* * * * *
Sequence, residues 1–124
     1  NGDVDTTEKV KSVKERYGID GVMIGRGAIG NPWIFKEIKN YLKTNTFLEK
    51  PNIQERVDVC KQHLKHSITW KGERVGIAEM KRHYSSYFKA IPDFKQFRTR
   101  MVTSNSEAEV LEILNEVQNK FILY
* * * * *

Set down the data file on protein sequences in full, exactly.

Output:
Sequence, residues 1–124
     1  NGDVDTTEKV KSVKERYGID GVMIGRGAIG NPWIFKEIKN YLKTNTFLEK
    51  PNIQERVDVC KQHLKHSITW KGERVGIAEM KRHYSSYFKA IPDFKQFRTR
   101  MVTSNSEAEV LEILNEVQNK FILY